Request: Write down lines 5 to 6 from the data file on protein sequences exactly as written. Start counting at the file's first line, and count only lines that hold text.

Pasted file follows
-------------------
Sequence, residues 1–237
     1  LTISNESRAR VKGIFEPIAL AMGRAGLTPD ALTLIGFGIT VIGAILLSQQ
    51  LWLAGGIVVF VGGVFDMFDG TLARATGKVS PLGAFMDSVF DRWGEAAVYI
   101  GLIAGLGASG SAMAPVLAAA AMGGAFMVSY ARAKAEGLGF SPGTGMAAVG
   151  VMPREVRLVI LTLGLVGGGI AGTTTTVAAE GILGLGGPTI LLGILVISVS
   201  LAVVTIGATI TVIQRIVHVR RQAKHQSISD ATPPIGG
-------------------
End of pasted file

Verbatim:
   151  VMPREVRLVI LTLGLVGGGI AGTTTTVAAE GILGLGGPTI LLGILVISVS
   201  LAVVTIGATI TVIQRIVHVR RQAKHQSISD ATPPIGG